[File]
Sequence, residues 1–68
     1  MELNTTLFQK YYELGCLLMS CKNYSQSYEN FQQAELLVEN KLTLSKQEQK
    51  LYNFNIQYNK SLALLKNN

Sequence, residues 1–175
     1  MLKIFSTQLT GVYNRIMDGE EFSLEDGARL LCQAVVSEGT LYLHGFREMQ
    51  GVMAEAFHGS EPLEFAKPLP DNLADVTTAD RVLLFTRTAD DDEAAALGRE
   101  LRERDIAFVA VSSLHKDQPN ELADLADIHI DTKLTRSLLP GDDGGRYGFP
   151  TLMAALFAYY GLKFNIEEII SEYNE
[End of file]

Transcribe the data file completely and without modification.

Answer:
Sequence, residues 1–68
     1  MELNTTLFQK YYELGCLLMS CKNYSQSYEN FQQAELLVEN KLTLSKQEQK
    51  LYNFNIQYNK SLALLKNN

Sequence, residues 1–175
     1  MLKIFSTQLT GVYNRIMDGE EFSLEDGARL LCQAVVSEGT LYLHGFREMQ
    51  GVMAEAFHGS EPLEFAKPLP DNLADVTTAD RVLLFTRTAD DDEAAALGRE
   101  LRERDIAFVA VSSLHKDQPN ELADLADIHI DTKLTRSLLP GDDGGRYGFP
   151  TLMAALFAYY GLKFNIEEII SEYNE